Doyle ’18: Grades will not define your identity

Op-Ed Contributer
Tuesday, December 1, 2015

I’ve always found Brown to be a calming environment. The simplified grading system, the guarantee that no F’s will haunt my transcript and the general emphasis on learning over achieving generally keeps my stress level lower than that of students at other universities with atmospheres that encourage competition.

This isn’t to say that there aren’t nights during the semester when I have too much work to even contemplate completing it all. But these nights have largely been manageable, especially with the help of peers.

Unfortunately, Brown’s grading system can cause uncertainty during finals. In some classes, I can get anywhere between an 85 and a 100 on a final exam or paper, and it will still be an A. But this comfort comes with a drawback. If I score an 84.9, I’ll walk away an entire letter grade lower.

So it’s difficult to focus on studying for an important exam knowing that the difference of one point could change the letter I’ll see on my transcript in a few weeks. There’s nothing like being stuck between two multiple choice answers, knowing this one question could decide your fate.

For those applying to graduate or professional schools, the anxiety is worse. As I stare at those two multiple choice answers, I picture the admissions officer at Harvard Law School combing through my transcript with a magnifying glass, circling every B (or C). I decide that if I end up with a B in this class, I’ll need to get straight A’s for the rest of my tenure at Brown if I ever want to get a job.

I think there’s a good chance you feel the same way sometimes. But never fear; you will be okay. At a rigorous school with a peculiar grading system and exceptional students, eight semesters of straight A’s is unrealistic.

Sure, a few students have done it. But in all likelihood, you won’t. And that’s okay. Because straight A’s probably mean you never took a course in which you really struggled. A course in which you were far out of your comfort zone. A course in which you really stretched yourself and grew as a student.

Wear those B’s (or C’s) as a badge of courage. You pushed yourself — and you didn’t drop the class the day before the final exam (even if you wanted to).

You’ve probably heard a thousand times that your grades don’t define you and that you’re more than a number. And I believe that. I know that a difference of one multiple choice question says nothing about me as a student or a person.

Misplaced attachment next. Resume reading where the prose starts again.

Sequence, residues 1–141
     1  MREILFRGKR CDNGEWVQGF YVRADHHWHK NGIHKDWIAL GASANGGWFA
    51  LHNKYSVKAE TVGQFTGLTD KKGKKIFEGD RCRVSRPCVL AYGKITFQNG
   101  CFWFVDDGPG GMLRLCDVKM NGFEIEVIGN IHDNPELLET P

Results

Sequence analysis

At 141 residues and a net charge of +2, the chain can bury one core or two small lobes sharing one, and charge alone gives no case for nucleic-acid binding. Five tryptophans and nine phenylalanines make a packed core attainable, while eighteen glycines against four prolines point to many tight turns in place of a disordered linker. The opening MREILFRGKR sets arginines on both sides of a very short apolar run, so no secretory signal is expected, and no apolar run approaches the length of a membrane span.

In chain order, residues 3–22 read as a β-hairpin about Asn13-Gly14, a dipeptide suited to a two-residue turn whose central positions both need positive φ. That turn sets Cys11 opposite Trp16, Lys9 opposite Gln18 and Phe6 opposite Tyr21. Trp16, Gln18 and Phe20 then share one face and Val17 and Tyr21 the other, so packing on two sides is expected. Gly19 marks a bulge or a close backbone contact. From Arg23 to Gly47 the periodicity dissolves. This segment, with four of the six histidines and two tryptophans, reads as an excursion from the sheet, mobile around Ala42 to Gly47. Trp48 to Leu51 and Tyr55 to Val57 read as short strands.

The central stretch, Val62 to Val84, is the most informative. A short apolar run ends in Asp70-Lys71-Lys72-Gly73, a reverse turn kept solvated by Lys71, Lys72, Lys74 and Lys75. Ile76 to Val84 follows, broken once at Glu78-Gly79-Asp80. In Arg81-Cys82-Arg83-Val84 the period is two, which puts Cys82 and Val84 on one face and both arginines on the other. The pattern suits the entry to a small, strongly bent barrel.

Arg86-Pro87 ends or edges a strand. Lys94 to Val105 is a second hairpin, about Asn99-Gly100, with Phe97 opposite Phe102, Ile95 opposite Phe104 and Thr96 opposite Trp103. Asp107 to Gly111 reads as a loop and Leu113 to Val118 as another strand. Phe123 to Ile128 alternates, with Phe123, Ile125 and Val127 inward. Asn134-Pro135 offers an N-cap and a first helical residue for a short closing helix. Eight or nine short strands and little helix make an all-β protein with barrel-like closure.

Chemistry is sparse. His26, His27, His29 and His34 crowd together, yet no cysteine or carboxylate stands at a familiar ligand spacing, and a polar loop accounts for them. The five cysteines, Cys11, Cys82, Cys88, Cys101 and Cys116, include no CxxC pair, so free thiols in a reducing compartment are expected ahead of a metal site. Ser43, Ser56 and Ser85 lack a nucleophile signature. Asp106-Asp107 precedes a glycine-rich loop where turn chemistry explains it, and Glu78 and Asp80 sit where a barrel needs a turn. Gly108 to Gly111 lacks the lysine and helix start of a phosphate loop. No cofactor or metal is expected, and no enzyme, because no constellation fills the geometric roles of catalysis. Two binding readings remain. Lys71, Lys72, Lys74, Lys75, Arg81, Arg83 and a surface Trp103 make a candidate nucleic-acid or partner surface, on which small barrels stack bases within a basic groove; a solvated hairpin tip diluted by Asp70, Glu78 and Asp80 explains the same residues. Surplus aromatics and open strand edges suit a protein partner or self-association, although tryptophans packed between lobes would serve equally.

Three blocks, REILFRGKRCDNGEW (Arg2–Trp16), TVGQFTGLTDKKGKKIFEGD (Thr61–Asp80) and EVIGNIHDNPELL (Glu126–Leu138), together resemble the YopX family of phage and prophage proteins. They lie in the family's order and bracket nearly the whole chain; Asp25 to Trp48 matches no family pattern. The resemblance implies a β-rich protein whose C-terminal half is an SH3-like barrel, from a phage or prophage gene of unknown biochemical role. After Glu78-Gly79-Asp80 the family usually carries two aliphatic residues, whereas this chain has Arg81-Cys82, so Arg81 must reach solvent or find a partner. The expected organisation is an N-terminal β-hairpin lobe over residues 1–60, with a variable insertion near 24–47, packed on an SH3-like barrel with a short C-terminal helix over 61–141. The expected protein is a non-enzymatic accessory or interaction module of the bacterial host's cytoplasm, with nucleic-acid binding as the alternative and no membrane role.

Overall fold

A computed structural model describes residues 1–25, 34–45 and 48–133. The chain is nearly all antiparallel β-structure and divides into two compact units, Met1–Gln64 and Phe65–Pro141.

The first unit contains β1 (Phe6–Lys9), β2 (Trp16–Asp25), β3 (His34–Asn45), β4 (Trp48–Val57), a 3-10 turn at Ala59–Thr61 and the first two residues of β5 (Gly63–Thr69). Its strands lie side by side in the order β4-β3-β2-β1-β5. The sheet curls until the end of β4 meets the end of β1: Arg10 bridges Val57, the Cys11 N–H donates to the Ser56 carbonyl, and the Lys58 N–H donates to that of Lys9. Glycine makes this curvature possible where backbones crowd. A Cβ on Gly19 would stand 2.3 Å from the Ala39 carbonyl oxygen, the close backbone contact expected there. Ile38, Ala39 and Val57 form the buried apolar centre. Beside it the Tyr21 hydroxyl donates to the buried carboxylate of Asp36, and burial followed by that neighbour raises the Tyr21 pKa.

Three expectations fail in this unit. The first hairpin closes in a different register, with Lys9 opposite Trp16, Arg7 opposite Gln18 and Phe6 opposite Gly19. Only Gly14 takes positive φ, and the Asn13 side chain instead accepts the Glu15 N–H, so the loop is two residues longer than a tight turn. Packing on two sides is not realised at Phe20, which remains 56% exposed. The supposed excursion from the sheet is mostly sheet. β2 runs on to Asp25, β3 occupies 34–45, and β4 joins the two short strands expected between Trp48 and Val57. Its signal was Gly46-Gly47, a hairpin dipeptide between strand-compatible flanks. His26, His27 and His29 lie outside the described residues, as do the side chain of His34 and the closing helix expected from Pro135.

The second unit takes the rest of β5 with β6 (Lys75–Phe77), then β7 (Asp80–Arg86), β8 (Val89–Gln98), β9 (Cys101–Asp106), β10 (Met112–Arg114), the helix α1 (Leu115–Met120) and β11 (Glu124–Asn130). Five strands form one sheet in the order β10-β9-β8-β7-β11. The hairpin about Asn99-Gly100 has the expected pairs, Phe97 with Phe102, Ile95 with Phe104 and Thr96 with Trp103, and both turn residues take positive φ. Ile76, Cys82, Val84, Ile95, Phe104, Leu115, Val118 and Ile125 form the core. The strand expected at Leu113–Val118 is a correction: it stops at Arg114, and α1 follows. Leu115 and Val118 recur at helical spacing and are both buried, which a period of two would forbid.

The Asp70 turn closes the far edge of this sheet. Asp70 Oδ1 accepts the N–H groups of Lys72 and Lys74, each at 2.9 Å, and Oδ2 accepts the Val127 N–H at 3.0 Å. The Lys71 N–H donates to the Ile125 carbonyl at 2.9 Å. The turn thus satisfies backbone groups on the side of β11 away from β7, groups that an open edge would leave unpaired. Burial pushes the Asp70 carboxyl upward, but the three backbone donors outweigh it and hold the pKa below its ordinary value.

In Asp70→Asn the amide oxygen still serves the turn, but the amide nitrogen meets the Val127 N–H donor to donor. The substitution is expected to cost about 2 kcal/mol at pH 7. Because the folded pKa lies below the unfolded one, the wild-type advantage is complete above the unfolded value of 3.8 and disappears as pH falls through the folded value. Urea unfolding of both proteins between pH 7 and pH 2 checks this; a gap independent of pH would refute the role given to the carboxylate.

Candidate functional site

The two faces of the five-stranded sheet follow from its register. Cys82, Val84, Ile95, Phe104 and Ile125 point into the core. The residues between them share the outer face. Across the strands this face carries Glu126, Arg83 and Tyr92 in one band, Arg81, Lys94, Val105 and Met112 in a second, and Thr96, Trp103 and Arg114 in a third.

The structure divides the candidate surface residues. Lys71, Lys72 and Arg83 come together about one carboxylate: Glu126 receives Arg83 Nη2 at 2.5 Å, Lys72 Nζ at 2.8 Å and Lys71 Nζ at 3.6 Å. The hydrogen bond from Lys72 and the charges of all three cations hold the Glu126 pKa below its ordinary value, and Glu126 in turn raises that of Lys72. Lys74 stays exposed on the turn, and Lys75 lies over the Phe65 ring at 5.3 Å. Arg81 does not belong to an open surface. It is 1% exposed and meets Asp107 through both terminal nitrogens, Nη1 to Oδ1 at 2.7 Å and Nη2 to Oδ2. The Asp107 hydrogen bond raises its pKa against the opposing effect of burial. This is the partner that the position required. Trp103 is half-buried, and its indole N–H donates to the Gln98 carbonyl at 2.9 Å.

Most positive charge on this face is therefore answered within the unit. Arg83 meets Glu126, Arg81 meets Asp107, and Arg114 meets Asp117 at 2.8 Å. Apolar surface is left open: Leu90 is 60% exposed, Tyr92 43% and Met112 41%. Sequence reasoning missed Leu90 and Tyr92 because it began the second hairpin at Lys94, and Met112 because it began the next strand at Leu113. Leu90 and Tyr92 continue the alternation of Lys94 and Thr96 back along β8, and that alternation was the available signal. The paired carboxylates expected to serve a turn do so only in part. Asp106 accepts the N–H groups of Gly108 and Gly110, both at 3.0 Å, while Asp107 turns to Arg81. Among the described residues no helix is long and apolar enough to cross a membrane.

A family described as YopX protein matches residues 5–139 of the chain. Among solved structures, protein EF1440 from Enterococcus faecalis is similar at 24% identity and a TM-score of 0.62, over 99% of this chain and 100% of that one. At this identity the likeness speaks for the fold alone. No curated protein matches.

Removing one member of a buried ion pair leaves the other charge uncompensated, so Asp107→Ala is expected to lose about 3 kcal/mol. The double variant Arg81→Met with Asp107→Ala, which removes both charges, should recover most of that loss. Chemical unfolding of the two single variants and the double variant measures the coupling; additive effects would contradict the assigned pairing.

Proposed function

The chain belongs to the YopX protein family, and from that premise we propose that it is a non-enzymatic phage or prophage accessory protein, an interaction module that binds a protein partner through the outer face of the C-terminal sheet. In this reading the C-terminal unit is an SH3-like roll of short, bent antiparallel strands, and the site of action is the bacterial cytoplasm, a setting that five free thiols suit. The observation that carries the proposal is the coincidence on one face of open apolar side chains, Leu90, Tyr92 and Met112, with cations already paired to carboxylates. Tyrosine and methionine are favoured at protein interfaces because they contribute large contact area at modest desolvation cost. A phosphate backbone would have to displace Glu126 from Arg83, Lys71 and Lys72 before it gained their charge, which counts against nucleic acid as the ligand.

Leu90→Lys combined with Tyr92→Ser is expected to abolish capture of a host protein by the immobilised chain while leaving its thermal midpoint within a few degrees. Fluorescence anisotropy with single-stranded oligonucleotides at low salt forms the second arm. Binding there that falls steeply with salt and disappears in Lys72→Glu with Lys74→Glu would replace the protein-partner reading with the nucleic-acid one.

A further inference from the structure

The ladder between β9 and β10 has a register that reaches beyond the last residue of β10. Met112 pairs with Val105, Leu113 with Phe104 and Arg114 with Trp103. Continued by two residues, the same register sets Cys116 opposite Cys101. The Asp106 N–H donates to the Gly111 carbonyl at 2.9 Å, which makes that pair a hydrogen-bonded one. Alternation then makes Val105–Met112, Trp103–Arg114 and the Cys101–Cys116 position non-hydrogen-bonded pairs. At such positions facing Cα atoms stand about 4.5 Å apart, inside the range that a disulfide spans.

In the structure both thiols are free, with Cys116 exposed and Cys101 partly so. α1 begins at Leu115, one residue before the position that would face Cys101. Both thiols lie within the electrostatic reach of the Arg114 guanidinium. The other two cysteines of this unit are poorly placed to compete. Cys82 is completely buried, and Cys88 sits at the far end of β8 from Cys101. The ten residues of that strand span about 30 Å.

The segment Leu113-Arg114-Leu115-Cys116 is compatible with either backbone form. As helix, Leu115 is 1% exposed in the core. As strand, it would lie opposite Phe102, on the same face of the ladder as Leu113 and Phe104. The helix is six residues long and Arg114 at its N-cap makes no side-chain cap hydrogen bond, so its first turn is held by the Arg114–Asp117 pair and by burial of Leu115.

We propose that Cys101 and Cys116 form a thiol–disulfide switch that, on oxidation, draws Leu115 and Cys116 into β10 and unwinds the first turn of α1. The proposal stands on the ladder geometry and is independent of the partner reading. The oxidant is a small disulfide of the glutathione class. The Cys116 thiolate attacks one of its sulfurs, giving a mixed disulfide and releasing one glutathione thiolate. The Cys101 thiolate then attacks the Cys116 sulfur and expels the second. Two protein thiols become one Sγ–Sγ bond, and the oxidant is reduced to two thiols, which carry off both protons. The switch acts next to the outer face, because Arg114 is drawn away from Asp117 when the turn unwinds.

Still, this sentiment is likely not entirely comforting. While self esteem is important, we’d all prefer for admissions officers and potential employers to see stellar grades on our transcripts. After all, they won’t truly know us as people.

The good news is that you will get into graduate school, and you will get a job. Statistics show that Brown students graduate with the capacity to succeed, regardless of a few imperfect grades.

About 88 percent of Brown students are accepted to law school, and about 84 percent are accepted to medical school, according to the University’s website. This is well above the national averages of 72 and 45 percent, respectively. And it’s highly improbable that those several hundred students all had straight A’s.

If you’re looking to go straight into the workforce, you’ll be fine too! Approximately 69 percent of Brown students last year graduated with jobs, according to the Center for Careers and Life After Brown. The rest were largely involved with continued education and volunteer work. Fewer than 5 percent were still seeking employment.

It can be easy to get caught up in the jealousy of Facebook friends’ boasts of their perfect GPA’s. Still, choosing to attend Brown means accepting its unique grading system, along with the fact that graduating with a 4.0 is highly unlikely. With many classes graded on a bell curve in which your grade depends on those of your peers, it’s nearly impossible to be the best all the time.

As finals approach, keep in mind that only about half of grades given out at this University are A’s. While that may seem like a high number, it also means about half are B’s, C’s and NC’s. So the odds of getting just one in a semester are pretty high. All that means is you’re not alone.

To be clear, this isn’t an excuse not to try or a promise that success will find you regardless of your own will. Brown students have such successful legacies because they work hard to make them.

So shoot for A’s! But if you miss, you’ll land among the B’s, and that isn’t a bad place to be.

Admissions officers and employers will see the totality of your experience here: your extracurriculars, your volunteer work, your research and whatever else. This final will not change your life. Over the next few weeks, study hard, do your best and then move on.

Allie Doyle ’18 is rereading this op-ed instead of studying for her finals.